Chapter 12 Endobronchial and Endoesophageal Ultrasound Techniques
Lung cancer is still the leading cause of cancer deaths worldwide, with an overall 5-year survival rate of 10% to 15%. Mediastinal lymph node sampling in lung cancer is important for adequate staging to determine appropriate treatment, as well as for predicting outcome. Adequate staging of lung cancer also is important in order to improve research into lung cancer, both for accurate comparison of data and for quality control.
Mediastinal lymph node staging can be performed preoperatively by radiologic imaging, endoscopically, or surgically. CT scanning, magnetic resonance imaging (MRI), positron emission tomography (PET), and integrated PET-CT are useful noninvasive imaging techniques for staging of lung cancer; however, they are not sufficiently sensitive or specific to determine mediastinal lymph node involvement. CT scanning usually is the initial method for staging of mediastinal nodes. Only lymph nodes with a short-axis diameter greater than 1 cm (with or without positive findings on PET-CT or other PET study) usually are considered to be suspicious for malignant involvement by radiologic criteria set forth in national and international guidelines. Nevertheless, in view of the high false-positive rate for CT and PET-CT, neither of which provides a tissue diagnosis, it is important to obtain lymph node tissue to determine operability.
Mediastinoscopy with nodal biopsy has been the “gold standard” for mediastinal staging for many years and has a sensitivity of 90% to 95% for detection of metastases in this region. Only certain lymph node stations—2, 4, and anterior 7—are accessible by this approach, in which access to the posterior and inferior mediastinum is limited, typically necessitating extending the procedure to cervical mediastinoscopy or thoracoscopy. However, it is essentially a surgical approach requiring general anesthesia and occasionally hospitalization. Endoscopic techniques provide a minimally invasive alternative to surgical staging. Accordingly, the past few years have seen the development of a number of less invasive staging modalities, including endobronchial ultrasound (EBUS) and endoesophageal ultrasound (EUS) techniques.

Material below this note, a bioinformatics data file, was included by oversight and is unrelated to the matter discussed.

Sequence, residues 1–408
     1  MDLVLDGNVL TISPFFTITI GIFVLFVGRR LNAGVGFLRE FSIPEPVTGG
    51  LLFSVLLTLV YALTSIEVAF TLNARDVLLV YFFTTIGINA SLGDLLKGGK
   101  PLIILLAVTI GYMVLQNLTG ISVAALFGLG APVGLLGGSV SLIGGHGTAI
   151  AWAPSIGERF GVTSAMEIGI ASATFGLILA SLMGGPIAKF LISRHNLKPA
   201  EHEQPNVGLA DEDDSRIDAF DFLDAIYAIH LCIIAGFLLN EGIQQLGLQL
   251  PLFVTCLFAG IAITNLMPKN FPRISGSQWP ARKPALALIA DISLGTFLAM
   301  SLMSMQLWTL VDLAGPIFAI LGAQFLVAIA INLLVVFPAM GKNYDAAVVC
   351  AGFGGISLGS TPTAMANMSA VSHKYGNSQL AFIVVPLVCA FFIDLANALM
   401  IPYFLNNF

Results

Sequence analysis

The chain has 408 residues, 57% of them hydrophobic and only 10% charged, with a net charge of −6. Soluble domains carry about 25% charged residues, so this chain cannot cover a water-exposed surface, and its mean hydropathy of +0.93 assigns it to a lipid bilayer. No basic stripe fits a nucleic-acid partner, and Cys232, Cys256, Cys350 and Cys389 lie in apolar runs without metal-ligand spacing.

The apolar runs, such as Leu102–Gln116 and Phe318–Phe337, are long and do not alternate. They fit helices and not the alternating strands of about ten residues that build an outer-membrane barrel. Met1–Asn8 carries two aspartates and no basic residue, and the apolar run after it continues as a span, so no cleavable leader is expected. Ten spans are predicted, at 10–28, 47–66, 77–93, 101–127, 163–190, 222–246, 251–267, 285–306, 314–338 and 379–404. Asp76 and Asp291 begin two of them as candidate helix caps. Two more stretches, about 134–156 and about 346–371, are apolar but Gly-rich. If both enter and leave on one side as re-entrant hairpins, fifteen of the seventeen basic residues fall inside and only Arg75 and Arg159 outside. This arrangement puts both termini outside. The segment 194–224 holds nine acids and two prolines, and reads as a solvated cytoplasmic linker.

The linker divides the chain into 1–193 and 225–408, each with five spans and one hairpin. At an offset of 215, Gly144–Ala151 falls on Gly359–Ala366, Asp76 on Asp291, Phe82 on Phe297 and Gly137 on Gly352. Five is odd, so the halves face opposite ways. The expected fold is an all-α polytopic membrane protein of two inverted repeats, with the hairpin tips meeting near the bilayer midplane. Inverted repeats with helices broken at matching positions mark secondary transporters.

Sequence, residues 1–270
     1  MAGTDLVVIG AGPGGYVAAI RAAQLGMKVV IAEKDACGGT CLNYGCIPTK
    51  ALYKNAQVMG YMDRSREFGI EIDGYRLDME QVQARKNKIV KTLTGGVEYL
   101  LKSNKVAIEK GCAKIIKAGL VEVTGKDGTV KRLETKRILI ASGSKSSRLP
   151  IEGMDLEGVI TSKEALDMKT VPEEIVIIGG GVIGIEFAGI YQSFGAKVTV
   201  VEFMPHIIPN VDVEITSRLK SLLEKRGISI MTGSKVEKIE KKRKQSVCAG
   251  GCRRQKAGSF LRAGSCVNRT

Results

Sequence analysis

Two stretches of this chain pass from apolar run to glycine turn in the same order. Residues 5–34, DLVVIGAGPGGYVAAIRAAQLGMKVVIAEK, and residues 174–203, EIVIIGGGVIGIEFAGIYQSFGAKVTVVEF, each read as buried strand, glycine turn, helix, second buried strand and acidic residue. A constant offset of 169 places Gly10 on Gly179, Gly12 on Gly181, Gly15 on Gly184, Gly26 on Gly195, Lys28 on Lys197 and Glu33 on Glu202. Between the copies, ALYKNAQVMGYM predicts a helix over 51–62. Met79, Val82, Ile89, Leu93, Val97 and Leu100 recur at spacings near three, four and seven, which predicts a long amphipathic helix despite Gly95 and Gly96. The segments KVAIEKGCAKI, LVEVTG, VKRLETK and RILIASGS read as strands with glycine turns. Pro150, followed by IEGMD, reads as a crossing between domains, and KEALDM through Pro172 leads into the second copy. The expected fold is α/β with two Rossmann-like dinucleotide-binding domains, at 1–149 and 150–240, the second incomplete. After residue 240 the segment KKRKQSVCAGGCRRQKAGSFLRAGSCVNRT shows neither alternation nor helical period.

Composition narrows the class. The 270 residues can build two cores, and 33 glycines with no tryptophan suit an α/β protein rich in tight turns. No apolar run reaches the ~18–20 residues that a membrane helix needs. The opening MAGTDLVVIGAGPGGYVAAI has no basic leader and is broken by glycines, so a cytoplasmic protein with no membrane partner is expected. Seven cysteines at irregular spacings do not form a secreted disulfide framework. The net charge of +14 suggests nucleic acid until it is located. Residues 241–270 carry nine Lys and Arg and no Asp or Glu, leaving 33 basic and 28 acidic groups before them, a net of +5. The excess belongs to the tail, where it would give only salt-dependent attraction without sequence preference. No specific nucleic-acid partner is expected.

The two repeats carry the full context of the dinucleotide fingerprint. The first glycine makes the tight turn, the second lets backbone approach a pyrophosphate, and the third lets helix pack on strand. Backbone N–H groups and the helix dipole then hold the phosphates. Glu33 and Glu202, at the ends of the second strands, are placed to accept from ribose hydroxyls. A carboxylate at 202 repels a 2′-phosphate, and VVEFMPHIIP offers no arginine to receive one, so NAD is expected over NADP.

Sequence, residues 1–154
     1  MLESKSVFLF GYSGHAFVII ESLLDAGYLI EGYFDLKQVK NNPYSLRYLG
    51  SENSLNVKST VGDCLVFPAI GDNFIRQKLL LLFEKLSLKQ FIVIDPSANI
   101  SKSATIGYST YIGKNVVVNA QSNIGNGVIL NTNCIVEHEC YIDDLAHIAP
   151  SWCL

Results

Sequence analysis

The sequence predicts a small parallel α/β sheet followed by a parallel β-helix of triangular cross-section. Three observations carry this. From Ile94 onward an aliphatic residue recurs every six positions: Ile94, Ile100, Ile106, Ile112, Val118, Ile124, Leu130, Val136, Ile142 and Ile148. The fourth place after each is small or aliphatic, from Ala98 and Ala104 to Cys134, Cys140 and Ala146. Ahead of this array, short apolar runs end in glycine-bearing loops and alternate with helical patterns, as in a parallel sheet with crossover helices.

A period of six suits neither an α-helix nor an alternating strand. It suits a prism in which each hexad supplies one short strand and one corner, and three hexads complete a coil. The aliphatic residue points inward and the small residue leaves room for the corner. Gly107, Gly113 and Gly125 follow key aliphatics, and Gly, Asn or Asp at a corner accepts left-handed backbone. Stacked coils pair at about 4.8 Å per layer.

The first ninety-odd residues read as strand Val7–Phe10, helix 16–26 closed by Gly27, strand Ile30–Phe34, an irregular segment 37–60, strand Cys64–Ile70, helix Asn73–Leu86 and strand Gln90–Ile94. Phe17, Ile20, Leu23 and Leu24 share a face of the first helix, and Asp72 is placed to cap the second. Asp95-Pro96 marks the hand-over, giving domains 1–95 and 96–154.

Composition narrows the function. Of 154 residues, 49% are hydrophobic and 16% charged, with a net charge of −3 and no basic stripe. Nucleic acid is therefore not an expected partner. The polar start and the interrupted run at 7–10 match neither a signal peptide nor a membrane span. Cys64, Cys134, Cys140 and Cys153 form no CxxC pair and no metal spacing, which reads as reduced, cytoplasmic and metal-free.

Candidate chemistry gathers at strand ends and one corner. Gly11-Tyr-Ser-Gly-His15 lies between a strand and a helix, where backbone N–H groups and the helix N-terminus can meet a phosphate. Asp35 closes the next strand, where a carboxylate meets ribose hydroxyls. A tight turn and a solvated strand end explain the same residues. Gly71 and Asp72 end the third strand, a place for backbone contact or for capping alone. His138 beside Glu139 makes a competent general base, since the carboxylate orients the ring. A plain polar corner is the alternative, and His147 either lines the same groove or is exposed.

Merely a curiosity at its inception, flexible bronchoscopy has emerged as an essential diagnostic and therapeutic modality in the management of a variety of lung diseases. The addition of transbronchial needle aspiration (TBNA) not only improved bronchoscopy’s diagnostic yield but further extended the role of this modality in the evaluation of mediastinal disease, and in the diagnosis and staging of bronchogenic carcinoma. The first description of sampling mediastinal lymph nodes through the tracheal carina using a rigid bronchoscope was by Schieppati. In 1978, Wang and associates demonstrated that it was feasible to sample paratracheal nodes using TBNA. Subsequent publications highlighted the use of the technique in the diagnosis of endobronchial (Figure 12-1) and peripheral lesions and the ability of TBNA to provide a diagnosis even in the absence of endobronchial disease.